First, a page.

I joined the faculty of the Indiana University Department of Anthropology in 2002, as a specialist in Plains archaeology and zooarchaeology. I am the director of the William R. Adams Zooarchaeology Laboratory, which houses a large collection of modern animal bones used by archaeologists to study the relationships between people and animals in the past. My work with the lab combines research, education, and outreach and offers opportunities to students and faculty across IU. I teach courses on North American archaeology, zooarchaeology, Native American subsistence, colonialism, and archaeological fiction. My research interests focus on interactions between foragers and farmers, the material and social effects of colonialism, multi-scalar analyses of residential spaces, bison food processing, and long-term social dynamics on the western North American Plains. I recently initiated an archaeological research project "Exploring Social and Historical Landscapes of the Greater Yellowstone Ecosystem." This project consists of two spatially separate locations around the Bighorn Basin of northern Wyoming and southern Montana, one adjacent to the Crow Indian Reservation on the western slope of the Bighorn Mountains and the other in the Shoshone homeland of the Absaroka Mountains. This is collaborative research with Northwest College in Powell, Wyoming; Little Big Horn College in Crow Agency, Montana; the National Park Service; and the U.S. Forest Service. As part of this research program, I teach a summertime archaeology field school in Wyoming and Montana every year.

I was recently selected as the recipient of the Society for American Archaeology-Amerind Foundation award based on my co-organized symposium called Across the Great Divide: Change and Continuity in Native North America, 1600-1900. The book that will be published as a result of this seminar reflects current research related to long-term social dynamics in Native North America that bridges the divide of scholarship between history and prehistory. My recent work has been funded by the National Science Foundation, Western National Parks Association, the IU Office of the Vice Provost and Lilly Endowment, IU's Alliance for Graduate Education and the Professoriate (AGEP), and Cooperative Studies Ecosystems Unit Programs. I am a former member of the Board of Directors of the Plains Anthropological Society and continue to chair the annual student paper competition at the Plains Anthropological Conference every year. We encourage students and faculty members to become members of the organization!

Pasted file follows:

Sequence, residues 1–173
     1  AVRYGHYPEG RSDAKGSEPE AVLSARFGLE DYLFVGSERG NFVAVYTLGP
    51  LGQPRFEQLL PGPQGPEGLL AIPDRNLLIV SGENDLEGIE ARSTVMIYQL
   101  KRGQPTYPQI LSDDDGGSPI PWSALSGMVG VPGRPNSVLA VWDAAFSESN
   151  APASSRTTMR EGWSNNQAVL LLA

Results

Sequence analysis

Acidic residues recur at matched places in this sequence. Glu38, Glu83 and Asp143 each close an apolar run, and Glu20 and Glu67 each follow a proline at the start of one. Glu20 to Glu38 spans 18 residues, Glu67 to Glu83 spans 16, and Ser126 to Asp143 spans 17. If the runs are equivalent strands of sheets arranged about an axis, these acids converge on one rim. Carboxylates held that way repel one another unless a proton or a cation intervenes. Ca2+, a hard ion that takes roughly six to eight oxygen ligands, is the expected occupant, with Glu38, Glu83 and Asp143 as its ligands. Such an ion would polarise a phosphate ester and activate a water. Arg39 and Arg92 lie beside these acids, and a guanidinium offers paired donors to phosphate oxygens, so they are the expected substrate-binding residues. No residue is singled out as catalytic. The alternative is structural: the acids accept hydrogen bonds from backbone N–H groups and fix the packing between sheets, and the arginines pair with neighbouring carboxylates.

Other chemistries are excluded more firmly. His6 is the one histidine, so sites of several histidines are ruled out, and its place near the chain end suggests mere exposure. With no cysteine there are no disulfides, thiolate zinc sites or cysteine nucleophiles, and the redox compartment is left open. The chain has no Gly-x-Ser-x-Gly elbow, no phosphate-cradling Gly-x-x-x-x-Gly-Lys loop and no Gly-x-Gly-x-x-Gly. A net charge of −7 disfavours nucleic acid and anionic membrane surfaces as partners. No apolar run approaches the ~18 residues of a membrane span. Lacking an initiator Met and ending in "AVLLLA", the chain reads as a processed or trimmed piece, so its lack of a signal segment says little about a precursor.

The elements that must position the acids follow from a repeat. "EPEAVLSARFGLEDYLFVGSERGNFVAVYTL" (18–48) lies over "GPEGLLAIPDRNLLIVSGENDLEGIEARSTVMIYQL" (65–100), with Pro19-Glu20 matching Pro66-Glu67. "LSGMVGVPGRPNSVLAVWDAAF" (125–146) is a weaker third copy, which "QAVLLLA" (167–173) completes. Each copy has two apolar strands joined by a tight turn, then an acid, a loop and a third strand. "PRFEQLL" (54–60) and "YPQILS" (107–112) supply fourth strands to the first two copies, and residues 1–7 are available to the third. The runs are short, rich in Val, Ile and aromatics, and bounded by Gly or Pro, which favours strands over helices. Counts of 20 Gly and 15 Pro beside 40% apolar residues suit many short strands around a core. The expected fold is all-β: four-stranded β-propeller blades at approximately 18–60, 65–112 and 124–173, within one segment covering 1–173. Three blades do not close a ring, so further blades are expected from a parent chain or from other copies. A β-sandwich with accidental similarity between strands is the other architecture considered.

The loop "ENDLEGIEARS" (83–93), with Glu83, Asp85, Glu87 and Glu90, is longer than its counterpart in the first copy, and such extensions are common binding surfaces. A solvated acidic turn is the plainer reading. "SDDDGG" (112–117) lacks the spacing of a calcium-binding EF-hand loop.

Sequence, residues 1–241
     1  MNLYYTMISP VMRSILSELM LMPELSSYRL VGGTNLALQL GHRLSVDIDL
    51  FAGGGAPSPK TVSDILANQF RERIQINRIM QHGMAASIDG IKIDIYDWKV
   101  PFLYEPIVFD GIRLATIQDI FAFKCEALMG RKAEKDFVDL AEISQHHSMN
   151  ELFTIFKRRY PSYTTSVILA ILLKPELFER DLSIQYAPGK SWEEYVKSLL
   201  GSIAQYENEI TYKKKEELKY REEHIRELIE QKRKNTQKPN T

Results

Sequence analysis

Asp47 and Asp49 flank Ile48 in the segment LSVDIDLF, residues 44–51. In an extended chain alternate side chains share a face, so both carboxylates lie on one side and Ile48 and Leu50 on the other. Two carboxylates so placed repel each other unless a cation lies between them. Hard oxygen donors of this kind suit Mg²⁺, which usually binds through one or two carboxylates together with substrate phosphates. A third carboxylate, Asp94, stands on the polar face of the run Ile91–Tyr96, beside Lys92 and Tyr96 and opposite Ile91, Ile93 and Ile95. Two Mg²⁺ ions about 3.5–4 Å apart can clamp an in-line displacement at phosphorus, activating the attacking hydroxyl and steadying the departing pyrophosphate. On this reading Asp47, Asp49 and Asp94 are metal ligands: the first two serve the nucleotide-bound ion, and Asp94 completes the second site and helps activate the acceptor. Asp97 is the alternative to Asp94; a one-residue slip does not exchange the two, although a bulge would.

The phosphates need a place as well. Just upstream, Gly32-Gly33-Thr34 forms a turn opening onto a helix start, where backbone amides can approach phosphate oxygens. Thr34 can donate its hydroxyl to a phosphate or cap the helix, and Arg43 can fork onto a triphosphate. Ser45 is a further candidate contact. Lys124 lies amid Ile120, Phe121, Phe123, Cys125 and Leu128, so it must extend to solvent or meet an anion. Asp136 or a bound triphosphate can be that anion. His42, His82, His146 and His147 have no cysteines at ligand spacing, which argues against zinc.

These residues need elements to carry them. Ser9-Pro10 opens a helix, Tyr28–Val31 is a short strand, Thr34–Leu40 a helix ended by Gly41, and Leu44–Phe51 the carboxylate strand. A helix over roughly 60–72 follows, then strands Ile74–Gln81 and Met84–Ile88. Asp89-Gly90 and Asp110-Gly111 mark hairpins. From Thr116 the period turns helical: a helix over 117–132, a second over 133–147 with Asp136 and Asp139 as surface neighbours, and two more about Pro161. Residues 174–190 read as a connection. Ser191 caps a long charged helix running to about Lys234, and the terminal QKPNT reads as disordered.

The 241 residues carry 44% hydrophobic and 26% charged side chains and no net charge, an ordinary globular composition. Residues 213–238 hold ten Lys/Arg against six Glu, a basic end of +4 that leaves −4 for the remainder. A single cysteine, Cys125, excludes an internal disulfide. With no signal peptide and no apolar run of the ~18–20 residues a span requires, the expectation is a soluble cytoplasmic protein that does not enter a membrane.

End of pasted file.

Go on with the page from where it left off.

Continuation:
I mentor students who are studying Native North America, both past and present. Popular courses for AISRI students that I teach include Culture Contact and Colonialism (ANTH P600) and North American Prehistory through Fiction (ANTH P363/663).

Recent Publications

  • Scheiber, Laura L. (2007) The Economy of Bison Exploitation on the Late Prehistoric North American High Plains. Journal of Field Archaeology. 32(3):297-313.
  • Scheiber, Laura L. and Charles A. Reher (2007) The Donovan Site (5LO204): An Upper Republican Animal Processing Camp on the High Plains. Plains Anthropologist 52(203):337-364.
  • Scheiber, Laura L. (2006) Skeletal Biology: Plains. In Handbook of North American Indians: Environment, Population, and Origins, Volume 3, edited by Douglas Ubelaker, pp. 595-609. Smithsonian Institution, Washington, DC.
  • Scheiber, Laura L. (2006) The Late Prehistoric on the High Plains of Western Kansas. In Kansas Archeology, edited by Robert J. Hoard and William E. Banks, pp. 133-150. University Press of Kansas, Lawrence.
  • Scheiber, Laura L. (2005) Late Prehistoric Bison Hide Production and Hunter-Gatherer Identities on the North American Plains. In Gender and Hide Production, edited by Lisa Frink and Kathryn Weedman, pp. 57-75. AltaMira Press, Walnut Creek, California. In Gender and Archaeology Series, edited by Sarah M. Nelson.